According to embodiments of the present invention, star polymers belonging to one of two classes can be used to fabricate any or all layers of a stent coating: (1) biologically absorbable star polymers; and/or (2) durable star polymers. These two classes of star polymers can be described as follows.
1. Biologically Absorbable Star Polymers
To make biologically absorbable star polymers, special synthetic techniques can be used. Generally, useful biologically absorbable star polymers may have between 3 and 24 arms in the case where there is a central moiety “X,” Alternatively, the polymers may have 5-20, or 10-15 arms. Particularly, the biologically absorbable star polymers can be obtained by ring-opening (co)polymerization, by free radical (co)polymerization, or by living (co)polymerization of a suitable monomer or monomers. Any monomer(s) capable of forming a biologically absorbable star (co)polymer via ring-opening polymerization or polycondensation can be used.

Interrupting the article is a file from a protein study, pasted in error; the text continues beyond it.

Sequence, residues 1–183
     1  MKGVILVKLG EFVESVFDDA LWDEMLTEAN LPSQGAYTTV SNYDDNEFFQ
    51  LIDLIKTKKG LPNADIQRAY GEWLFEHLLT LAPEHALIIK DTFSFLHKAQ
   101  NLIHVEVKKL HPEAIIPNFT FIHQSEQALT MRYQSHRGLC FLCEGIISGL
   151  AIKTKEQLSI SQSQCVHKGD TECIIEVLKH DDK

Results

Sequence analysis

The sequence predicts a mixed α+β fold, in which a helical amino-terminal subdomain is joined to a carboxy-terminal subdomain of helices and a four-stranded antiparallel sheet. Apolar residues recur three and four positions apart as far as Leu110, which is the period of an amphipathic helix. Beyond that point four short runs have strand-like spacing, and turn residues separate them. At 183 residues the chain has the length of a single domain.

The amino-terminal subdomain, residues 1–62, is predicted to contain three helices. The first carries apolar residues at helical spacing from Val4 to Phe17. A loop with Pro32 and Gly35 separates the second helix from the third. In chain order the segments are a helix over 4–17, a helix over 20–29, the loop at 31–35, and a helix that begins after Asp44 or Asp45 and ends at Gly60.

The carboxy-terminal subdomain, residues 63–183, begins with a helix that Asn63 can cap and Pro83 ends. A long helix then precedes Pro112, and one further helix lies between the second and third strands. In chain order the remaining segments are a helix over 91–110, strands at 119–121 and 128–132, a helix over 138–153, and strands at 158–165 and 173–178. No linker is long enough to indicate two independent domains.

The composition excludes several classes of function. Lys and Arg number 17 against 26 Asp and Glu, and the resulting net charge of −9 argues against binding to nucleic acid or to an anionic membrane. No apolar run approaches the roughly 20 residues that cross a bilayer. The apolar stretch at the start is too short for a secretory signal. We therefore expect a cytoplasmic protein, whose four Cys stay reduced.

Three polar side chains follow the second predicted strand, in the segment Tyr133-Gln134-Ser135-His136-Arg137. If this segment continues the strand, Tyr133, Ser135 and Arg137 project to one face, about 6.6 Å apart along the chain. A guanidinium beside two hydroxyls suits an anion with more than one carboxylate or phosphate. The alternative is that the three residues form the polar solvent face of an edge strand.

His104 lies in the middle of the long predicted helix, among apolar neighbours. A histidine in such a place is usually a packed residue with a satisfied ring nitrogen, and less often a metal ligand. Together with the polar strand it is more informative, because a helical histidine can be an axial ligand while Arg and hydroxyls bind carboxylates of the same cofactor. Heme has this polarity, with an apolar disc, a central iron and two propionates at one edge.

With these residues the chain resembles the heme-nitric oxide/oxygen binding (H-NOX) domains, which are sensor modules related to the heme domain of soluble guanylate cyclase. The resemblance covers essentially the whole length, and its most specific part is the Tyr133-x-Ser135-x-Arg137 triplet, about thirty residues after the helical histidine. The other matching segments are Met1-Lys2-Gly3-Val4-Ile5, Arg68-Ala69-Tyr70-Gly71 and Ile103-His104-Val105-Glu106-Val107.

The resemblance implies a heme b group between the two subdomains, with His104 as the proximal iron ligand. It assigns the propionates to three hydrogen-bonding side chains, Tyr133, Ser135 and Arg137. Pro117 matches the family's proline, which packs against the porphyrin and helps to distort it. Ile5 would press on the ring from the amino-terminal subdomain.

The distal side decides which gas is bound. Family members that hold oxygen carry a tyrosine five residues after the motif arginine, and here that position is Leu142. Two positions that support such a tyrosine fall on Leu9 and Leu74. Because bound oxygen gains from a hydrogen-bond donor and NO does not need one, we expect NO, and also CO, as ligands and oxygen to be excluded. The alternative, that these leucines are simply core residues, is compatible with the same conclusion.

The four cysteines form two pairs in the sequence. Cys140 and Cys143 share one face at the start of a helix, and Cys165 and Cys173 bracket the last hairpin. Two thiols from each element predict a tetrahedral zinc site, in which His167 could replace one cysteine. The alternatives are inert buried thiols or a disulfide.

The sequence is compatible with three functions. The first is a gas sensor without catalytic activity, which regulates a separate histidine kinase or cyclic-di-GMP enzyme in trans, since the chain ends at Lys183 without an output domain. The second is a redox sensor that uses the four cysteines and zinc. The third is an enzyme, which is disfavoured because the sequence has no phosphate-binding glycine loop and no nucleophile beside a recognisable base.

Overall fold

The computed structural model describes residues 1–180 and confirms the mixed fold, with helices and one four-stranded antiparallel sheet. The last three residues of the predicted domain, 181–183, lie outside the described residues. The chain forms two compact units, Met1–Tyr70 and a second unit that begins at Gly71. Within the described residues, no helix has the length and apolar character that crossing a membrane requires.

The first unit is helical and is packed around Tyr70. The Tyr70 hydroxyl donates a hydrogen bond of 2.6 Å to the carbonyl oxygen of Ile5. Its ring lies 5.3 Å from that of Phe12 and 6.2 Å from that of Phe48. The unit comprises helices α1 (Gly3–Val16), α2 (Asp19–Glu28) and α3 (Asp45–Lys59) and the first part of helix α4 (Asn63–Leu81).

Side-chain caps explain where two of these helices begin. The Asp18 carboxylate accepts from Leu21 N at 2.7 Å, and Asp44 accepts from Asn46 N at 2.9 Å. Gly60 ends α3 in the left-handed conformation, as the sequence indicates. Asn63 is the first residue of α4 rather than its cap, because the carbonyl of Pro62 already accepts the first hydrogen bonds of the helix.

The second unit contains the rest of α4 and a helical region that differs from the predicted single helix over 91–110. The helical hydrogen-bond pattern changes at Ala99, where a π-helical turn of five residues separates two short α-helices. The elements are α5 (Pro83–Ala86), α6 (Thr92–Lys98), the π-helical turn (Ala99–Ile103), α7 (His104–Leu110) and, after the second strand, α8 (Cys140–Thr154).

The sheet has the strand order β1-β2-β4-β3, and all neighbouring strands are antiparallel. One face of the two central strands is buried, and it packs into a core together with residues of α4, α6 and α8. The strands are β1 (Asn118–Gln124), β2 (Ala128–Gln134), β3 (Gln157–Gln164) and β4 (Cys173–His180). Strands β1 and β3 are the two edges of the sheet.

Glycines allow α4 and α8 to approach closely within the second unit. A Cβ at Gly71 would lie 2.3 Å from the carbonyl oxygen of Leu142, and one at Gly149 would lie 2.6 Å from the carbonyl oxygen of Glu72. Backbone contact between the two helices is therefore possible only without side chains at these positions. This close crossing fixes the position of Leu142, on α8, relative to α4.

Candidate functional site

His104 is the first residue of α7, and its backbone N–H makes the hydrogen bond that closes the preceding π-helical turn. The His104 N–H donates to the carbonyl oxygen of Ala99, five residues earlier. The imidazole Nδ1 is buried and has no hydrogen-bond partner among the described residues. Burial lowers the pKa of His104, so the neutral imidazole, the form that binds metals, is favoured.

Examples of biologically absorbable star polymers that can be made by ring-opening polymerization or polycondensation and used include poly(D,L-lactide), poly(D-lactide), poly(L-lactide), poly(L-lactide-co-D,L-lactide), poly(glycolide), poly(D,L-lactide-co-glycolide), poly(caprolactone), poly(L-lactide-co-caprolactone), poly(glycolide-co-caprolactone), poly(3-hydroxypropionate), poly(3-hydroxy-2-methylpropionate), poly(3-hydroxybutyrate), poly(4-hydroxybutyrate), poly(3-hydroxyvalerate), poly(hydroxybutyrate-co-valerate), poly(dioxanone), poly(trimethylene carbonate), poly(D,L-lactide-co-trimethylene carbonate). Following the process of ring opening polymerization, the resulting star polymer can be applied on a stent to form a stent coating as described above.